Friday, April 1, 2016

Having Seen It All, Lawyer Declares Human Nature Is Very Low, 1908

“Human Tragedy” by Albert S. Ashmead, M.D., New York, published in The Medical Brief: A Monthly Journal of Practical Medicine, April, 1908

Balzac in his La Comedie Humaine has one of his characters say: “There are in modern society three men who can never think well of the world—the priest, the doctor and the man of law. And they were black robes, perhaps because they are in mourning for every virtue and every illusion. The most hopeless of the three is the lawyer. When a man comes in search of the priest he is prompted by repentance, by remorse, by beliefs which make him interesting; which elevate him and comfort the soul of the intercessor whose task will bring him a sort of gladness; he purifies, repairs and reconciles. But we lawyers, we see the same evil feelings repeated again and again; nothing can correct them; our offices are sewers which can never be cleansed. 

How many things have I learned in the exercise of my profession? I have seen a father die in a garret, deserted by two daughters to whom he had given 40,000 francs a year. I have known wills burned. I have seen mothers robbing their children, wives killing their husbands and working on the love they could inspire to make men idiotic or mad, that they might live in peace with a lover. I have seen women teaching their child of their marriage such tastes as must bring it to the grave in order to benefit the child of an illicit affection. I could not tell you all I have seen, for I have seen crimes against which justice is impotent. In short, all the horrors that romancers suppose they have invented are still below the truth.”

And the doctor? He sees best the human tragedy. If all the evil that is so freely known to us were depicted in literature, what a world of horror would there be exposed! I have seen a mother slowly poison to death by arsenic her 11-year-old daughter in order that she might reap the benefit of $170 of cursed child-insurance. I have seen a husband who poured a fatal dose of carbolic acid down the helpless throat of his dying consumptive wife, mother of his three children, because he had grown tired of the trouble and expense of nursing her. This human beast had the decency, six weeks after, to hang himself to his garret rafter.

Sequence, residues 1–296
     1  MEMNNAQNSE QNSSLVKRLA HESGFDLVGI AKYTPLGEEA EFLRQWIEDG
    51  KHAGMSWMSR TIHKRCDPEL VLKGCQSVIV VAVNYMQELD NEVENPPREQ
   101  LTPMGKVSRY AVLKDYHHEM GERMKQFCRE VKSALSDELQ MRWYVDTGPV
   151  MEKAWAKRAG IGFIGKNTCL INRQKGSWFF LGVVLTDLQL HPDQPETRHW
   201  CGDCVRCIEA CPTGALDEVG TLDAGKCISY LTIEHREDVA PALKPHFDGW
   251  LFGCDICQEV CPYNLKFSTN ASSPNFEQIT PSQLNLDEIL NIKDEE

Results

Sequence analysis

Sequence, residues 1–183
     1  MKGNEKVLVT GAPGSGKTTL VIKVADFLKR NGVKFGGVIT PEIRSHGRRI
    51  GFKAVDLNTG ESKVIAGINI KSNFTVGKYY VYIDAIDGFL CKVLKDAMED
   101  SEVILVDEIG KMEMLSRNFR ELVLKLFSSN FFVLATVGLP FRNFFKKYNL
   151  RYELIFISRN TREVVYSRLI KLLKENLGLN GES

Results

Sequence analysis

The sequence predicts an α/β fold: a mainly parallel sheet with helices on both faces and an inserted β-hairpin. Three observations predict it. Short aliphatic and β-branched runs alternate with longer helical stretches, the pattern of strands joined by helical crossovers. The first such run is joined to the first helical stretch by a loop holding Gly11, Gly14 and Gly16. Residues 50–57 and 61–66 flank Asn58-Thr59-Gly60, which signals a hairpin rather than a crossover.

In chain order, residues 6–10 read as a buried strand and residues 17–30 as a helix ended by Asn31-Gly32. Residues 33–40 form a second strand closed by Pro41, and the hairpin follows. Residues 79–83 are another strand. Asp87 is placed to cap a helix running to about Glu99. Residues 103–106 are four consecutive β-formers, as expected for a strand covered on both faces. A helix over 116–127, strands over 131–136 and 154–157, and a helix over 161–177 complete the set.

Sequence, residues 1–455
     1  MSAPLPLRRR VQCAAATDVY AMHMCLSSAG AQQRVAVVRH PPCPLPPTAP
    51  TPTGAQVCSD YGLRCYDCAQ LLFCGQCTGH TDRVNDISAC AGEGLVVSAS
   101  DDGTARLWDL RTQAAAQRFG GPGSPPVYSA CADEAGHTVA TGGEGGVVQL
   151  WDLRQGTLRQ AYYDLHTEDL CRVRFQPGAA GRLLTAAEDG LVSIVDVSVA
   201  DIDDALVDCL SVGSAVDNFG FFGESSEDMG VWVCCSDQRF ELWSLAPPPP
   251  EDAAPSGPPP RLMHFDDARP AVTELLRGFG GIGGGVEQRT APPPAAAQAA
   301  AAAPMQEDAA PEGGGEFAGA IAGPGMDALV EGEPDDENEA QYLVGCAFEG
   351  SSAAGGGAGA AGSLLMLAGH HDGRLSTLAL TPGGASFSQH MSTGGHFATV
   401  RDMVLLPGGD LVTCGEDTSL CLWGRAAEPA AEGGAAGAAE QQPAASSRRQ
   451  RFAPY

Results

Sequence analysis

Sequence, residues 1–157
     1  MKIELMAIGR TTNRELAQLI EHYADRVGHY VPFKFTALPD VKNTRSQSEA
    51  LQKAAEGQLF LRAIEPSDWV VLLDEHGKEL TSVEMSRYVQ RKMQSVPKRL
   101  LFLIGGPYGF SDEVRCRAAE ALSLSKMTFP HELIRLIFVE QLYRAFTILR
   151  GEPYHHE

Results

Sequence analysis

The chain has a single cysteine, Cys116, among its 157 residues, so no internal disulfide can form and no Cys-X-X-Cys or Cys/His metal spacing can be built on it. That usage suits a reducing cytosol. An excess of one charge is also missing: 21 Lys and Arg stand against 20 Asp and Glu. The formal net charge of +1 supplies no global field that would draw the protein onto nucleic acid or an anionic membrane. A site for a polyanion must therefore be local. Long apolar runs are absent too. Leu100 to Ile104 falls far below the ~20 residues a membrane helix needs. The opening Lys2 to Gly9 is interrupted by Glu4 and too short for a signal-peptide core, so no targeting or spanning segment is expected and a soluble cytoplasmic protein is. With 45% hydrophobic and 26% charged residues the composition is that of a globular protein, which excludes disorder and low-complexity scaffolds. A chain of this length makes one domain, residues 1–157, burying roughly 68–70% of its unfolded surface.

I have heard, while delivering an unmarried 15-year-old girl of a full-term child, a devil’s whisper issue from the mouth of the girl’s father, who leaned across my shoulder: “A hundred dollars more is yours if the child is born dead.”

I have been asked by a boarding-house proprietress, when handing her for delivery to the public administrator the keys, watch and $85 in money, which I had found on the person of an old man who had just died of apoplexy in the house: “Why find more than two dollars?”

Two such human minds, to poison, kill, to rob a corpse, is not crime. Every doctor could recall incidences like these—yea, paint even worse pictures of human depravity. If there be one of my profession who, after years spent in its exercise, can still feel enthusiastic over his knowledge of human nature, I shall be glad to know it, for I have none; it is all departed. Humbug is the way nature presents herself to me. My view is well known. We should all, in our optimistic way, go slow, for the gods are gleeful, and grin behind the backs of men. My heart is today of human existence, heavy—every day, heavy. The deliberate deceit of the law of things is at last to me revealed. I live in the past and with the dead.

I am well acquainted with Balzac’s writings. He seems to have been ever a keen observer of human nature, with a very considerable wealth of expressive power, leading others to see what they had not theretofore observed. Whether he drew deductions and advanced accurately to conclusions I hardly know. But we can do that for ourselves, from the material that is furnished to us by those who write books. Blessed be the printing press—the ark on the tossing wave of life. Thereto our weary spirits may return to rest from their wanderings, with none to molest or make then afraid.

All the writers, of whatever shade of thought, admit, in some way, the presence of evil in the very warp and woof of life. It is in the Lord’s Prayer, where He asks the Father to “lead us not into temptation, but deliver us form evil.” Human nature is very low. I despair of its eventual freedom of dross. The net of the fowler is spread for every winged spirit.

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